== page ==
The Gràcia Fest is basically a hyperbole of a block party - events and feasts are scheduled all throughout the day, live music persists every night until dawn, and outdoor bars and their patrons make it impossible to cross even the smallest square in under ten minutes. Every year, over a million people flood the narrow streets of Gràcia to gawk and to party until literally flooded out by street cleaners in the morning.
For visitors, the biggest draw of the festival is undoubtedly the street decorating competition, which obsesses the neighborhood for the week prior to August 15th and engages whole streets in the construction of elaborate environments organized around chosen themes. Last year's winner, War of the Worlds, featured towering aliens creeping up and down the street holding the products of local shops above their green piñata-style heads. Other notable competitors included a giant pinball machine, a re-creation of the world of Shrek (which sadly did not fare well in the rain), and a square with a 40 foot Loch Ness monster suspended from a bell tower. Abetting the sense of the fantastical, while wandering through these worlds, one runs the risk of stumbling into a magic show for toddlers conducted in Catalan, or the possibility of intruding on a parade thrown by local anarchists. During the day, tourists explore these streets with festival programs stuffed in their back pockets, and small children waddle under paper-mâché decorations as their parents chase them with cameras.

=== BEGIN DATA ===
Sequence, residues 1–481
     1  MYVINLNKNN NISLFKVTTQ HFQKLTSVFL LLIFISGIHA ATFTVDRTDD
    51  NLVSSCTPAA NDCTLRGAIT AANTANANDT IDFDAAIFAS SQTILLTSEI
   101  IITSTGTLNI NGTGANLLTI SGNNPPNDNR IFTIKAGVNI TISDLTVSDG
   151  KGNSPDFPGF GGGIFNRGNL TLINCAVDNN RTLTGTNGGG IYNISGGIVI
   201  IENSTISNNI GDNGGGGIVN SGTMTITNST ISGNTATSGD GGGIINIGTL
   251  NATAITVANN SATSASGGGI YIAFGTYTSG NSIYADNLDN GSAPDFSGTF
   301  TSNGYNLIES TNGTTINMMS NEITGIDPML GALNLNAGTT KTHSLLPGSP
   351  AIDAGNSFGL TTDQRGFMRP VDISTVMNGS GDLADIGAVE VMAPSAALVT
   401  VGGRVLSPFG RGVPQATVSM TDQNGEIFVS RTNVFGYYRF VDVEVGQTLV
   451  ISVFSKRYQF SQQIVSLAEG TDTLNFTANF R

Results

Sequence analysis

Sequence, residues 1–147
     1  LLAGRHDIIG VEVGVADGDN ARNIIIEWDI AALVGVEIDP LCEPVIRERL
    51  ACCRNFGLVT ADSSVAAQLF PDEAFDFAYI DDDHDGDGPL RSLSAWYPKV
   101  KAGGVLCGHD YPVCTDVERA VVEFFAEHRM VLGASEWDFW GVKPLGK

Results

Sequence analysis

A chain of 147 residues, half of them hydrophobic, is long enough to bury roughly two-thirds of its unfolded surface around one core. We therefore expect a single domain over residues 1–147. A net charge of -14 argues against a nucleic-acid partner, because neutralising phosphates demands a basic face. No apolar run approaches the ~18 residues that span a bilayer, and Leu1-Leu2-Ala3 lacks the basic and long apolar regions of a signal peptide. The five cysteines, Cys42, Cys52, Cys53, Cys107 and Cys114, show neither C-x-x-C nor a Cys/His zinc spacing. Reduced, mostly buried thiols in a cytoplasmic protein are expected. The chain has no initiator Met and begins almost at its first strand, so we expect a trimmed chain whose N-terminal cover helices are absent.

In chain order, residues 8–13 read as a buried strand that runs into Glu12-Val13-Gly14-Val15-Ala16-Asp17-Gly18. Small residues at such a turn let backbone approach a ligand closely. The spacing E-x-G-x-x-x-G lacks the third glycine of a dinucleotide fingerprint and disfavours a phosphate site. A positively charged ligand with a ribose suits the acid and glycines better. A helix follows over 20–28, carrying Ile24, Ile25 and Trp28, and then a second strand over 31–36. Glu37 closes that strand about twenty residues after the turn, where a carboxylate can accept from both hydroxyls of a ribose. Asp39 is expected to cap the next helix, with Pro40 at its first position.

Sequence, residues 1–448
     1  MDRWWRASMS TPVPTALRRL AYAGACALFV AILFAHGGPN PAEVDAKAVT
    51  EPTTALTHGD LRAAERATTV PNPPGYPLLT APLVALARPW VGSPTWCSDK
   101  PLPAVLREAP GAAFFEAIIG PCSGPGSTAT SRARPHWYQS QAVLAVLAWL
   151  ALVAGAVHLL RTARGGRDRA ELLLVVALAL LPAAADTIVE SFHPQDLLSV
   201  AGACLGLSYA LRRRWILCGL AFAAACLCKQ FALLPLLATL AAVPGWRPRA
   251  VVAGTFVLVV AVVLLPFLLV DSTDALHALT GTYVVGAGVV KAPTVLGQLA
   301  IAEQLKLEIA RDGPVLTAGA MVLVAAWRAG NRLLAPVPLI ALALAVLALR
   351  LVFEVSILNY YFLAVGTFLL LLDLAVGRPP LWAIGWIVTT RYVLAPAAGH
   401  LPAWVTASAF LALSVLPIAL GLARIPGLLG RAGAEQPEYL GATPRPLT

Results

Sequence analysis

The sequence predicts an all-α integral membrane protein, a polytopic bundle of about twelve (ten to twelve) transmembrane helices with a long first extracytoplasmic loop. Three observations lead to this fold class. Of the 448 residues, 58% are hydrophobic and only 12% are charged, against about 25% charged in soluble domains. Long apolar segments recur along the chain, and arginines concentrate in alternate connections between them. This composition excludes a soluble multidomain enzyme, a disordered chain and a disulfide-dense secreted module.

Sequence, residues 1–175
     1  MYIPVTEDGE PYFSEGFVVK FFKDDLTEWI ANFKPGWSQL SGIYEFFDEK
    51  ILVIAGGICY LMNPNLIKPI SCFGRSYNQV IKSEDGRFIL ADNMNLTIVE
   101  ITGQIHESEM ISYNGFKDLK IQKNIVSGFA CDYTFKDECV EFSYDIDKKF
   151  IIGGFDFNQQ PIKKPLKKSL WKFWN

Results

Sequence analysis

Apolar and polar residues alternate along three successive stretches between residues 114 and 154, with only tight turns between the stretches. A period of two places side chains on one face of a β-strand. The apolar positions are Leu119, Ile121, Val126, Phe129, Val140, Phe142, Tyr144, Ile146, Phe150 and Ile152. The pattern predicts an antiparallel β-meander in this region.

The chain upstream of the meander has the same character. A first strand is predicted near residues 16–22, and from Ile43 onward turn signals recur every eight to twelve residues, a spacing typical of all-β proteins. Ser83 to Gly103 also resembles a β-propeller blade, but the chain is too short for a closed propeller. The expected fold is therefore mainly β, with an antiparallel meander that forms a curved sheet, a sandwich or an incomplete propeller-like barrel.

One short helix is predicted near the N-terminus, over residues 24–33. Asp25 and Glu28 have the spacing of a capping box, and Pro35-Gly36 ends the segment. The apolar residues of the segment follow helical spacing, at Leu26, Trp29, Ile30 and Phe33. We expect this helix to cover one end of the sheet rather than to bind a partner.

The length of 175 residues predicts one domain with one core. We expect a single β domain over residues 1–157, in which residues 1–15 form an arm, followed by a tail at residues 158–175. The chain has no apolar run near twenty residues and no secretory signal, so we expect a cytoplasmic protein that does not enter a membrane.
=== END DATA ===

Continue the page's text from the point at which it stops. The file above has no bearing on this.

When night falls and the streets jam, toddlers are promoted to shoulder seating, and the scene takes on a decidedly more adult tenor. Crushes of people drink and dance, and when the bands stop playing, crowds congregate around impromptu musicians and refuse to go home until the Guardia Civil politely suggests otherwise. For those who live in Gràcia, it is tacitly understood that the week will be a sleepless one- restaurants and bars offer specials on mojitos and capirinhias, and even serve them directly out of windows so as to avoid the trouble of forcing people to abandon the street.
While all this may sound aimlessly Bacchanalian, the Gràcia Fest also offers many opportunities to see the more traditional side of Catalan culture. The middle of the week brings the parade of the gigants, a public celebration in which giants modeled after folkloric Catalan kings and queens are marched down busy streets; often to the dismay of oncoming traffic. And perhaps the most impressive spectacle of the entire festival is the performance of the Castellers, teams of Catalans who form human towers up to nine or ten people tall as a demonstration of cultural unity and strength. In short, there is certainly not a lack of things to do during the festival, and if you're sick of hearing English on Las Ramblas or being shuttled through the Picasso museum amid groups of German schoolchildren, simply hop on the subway, take the green line up to Fontana, and head into Gràcia. I guarantee you won't be bored.
Festa Major de Gràcia
Aug 15st - Aug 21st